Country Workshops again

I got the new issue of Popular Woodworking magazine the other day. I have a short article in there about the tools used by 17th-century joiners…

While I was flipping through the magazine, I was quite pleased to see a 2-page spread about Country Workshops. A nice general feature about their classes, and some of the history of how it came to be. The author took some of the same photos I shot last summer when we were there for my box-making class. These chairs of Drew’s are some of my favorites, especially the low-back version. The chair is pictured in the new article, but without Rose in it… (it’s in Drew’s book The Chairmaker’s Workshop too – 

Drew's chairs


Drew's low-back chair


It’s hard to take bad pictures there; here is a barn I worked on back in 1988, looking like it belongs there 20+ years later…

the new barn


I’m really looking forward to being back there this summer, as a student this time. Spoon carving with Jogge Sundqvist.

Meanwhile, spring migration is about to really take off here in southern New England. So don’t expect much woodsy bits next week. Here’s a new arrival in our neighborhood today.

eastern bluebird


I’ve posted a bunch of stuff that involved Country Workshops before. For those who missed these the first time around, I dug ’em out for you:

3 thoughts on “Country Workshops again

  1. Peter, looks like we’ll get a chance to meet this summer. I got into Jogge’s first class at Country Workshops. I’m really looking forward to developing my axe technique more and I want to start with surface carving and painting.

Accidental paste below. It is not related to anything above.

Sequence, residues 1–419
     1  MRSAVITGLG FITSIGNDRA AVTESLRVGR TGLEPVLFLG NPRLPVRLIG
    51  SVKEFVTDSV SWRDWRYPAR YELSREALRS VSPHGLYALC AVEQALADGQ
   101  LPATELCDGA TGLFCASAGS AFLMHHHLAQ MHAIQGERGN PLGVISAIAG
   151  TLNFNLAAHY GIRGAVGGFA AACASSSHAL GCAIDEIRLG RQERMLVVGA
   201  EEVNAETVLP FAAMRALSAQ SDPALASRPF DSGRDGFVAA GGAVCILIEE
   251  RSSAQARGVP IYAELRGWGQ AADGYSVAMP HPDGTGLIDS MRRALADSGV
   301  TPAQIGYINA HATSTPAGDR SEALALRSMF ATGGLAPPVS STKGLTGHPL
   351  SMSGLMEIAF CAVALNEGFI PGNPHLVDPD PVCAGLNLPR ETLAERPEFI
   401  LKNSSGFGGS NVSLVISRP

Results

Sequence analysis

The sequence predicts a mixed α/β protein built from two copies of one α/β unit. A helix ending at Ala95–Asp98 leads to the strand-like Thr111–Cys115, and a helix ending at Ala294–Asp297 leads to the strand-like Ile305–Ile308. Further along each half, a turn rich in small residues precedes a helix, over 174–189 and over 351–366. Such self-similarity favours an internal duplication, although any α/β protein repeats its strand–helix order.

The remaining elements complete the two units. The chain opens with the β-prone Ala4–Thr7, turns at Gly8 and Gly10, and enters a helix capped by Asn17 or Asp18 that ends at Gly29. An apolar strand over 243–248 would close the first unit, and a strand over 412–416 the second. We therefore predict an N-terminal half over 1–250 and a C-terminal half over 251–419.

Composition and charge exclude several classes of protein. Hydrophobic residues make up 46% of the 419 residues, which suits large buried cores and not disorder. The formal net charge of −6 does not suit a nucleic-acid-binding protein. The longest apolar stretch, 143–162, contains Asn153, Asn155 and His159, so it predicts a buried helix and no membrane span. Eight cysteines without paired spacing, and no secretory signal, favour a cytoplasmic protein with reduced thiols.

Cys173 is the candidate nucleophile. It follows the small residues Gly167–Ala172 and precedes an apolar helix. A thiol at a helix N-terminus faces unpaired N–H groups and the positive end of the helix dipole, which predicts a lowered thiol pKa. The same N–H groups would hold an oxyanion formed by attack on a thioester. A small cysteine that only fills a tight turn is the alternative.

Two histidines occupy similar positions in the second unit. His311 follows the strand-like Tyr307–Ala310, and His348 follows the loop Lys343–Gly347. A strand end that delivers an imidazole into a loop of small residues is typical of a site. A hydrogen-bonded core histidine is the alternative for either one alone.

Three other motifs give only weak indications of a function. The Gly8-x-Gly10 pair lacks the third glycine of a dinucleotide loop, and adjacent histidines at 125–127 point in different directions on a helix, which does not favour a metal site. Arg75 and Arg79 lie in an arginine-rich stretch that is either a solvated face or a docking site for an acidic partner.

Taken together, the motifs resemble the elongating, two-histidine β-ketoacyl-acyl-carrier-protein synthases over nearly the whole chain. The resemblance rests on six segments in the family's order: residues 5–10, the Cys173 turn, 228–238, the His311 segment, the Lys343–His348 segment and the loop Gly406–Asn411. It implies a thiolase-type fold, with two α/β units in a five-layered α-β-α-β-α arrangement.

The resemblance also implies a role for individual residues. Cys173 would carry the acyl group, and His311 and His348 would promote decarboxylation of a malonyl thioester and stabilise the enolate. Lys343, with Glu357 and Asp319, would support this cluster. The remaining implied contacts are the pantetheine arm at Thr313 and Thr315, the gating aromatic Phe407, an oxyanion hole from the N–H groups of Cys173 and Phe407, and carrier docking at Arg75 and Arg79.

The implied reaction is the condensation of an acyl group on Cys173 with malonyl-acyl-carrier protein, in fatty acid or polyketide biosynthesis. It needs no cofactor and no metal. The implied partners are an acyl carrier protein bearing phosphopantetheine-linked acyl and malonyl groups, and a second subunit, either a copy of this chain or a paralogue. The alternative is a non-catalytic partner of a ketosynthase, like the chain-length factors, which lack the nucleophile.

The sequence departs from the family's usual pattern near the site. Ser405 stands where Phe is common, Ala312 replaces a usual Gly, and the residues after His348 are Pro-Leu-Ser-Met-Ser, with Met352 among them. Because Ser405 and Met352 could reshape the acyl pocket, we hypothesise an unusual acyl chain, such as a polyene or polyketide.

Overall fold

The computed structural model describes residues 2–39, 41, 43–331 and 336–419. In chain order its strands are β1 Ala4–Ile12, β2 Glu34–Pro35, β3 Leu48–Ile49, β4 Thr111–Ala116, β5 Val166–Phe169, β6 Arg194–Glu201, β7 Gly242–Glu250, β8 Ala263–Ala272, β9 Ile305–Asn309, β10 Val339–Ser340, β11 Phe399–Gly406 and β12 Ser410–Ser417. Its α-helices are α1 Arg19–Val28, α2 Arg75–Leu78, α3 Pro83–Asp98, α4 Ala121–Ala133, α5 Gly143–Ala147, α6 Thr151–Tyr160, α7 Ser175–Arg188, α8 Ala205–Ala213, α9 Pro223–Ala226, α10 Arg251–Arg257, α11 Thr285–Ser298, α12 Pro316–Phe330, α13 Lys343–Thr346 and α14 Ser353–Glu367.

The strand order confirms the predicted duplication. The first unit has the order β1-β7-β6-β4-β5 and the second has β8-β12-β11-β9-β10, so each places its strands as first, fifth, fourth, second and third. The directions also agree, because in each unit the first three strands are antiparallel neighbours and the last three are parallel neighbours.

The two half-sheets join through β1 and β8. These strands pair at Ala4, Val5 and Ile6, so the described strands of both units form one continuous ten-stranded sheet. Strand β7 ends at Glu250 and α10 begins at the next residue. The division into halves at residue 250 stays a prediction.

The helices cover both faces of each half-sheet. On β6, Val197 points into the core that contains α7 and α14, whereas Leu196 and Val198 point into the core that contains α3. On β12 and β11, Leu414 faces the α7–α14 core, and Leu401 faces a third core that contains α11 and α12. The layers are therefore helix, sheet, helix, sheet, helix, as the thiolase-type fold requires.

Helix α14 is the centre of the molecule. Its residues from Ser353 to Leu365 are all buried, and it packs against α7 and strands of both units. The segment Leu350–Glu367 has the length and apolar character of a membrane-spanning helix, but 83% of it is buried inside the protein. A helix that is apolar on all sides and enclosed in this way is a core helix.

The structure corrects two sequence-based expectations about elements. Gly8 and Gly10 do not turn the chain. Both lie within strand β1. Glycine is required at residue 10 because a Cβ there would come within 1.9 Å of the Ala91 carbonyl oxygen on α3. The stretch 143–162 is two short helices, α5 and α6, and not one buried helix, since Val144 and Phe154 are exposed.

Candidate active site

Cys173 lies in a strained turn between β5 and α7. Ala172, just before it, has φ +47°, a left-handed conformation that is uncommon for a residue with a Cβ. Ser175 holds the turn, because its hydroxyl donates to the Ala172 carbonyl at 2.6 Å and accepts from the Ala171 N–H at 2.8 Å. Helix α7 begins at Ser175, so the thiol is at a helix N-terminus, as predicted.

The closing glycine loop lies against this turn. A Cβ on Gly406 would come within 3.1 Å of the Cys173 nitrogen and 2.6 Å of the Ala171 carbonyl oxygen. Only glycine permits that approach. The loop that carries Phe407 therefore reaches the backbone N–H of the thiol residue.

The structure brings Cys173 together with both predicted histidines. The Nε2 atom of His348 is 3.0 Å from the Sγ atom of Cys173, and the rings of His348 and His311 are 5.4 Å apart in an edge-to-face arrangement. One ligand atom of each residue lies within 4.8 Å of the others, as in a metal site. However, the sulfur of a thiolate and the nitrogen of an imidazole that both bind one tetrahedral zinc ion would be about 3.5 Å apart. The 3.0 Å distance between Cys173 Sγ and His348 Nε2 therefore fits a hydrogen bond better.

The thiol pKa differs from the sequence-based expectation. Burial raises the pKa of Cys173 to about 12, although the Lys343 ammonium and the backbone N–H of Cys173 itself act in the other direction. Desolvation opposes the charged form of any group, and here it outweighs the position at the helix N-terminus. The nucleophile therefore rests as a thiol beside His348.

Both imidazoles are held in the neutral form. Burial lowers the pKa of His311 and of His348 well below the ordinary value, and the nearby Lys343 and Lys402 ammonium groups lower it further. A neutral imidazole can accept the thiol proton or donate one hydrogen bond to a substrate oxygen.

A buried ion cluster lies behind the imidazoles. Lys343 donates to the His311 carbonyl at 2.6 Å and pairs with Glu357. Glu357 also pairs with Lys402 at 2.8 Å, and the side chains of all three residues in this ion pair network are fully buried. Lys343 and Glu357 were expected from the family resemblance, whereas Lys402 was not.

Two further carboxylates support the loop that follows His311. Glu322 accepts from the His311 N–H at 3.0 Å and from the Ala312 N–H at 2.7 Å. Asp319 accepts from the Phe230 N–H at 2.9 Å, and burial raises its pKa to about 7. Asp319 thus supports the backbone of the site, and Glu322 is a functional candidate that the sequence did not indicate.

Drew & Louise sure are inspirational. The handmade life ethos becomes more and more attractive as our society speeds up and spins itself into technological knots. Today the handmade life is becoming less and less counter-cultural and counter-intuitive.

    It will be great to meet fellow travelers on the path to a handmade life.

  2. I’ve very much enjoyed reading Drew’s book, The Chairmaker’s workshop! Looking forward to a class someday…

    In the Introduction, there’s a wainscot chair done by Peter, with the carvings of the Savell Shop Tradition. circa 1992. Was this for a museum, or for yourself? Very nice!


  3. Some very early Newport high-top and low-back chairs are quite instructive in regard to this design, as are some of the simpler, so-called “Rustic” English ones in the Thames Valley manner. One of these Newport chairs just sold in Keno Auctions. The design is aided greatly by devoting a little more attentin to the stake feet and by a slightly more complex plan for the seat, perhaps with a slight outer inflection at the front corners.

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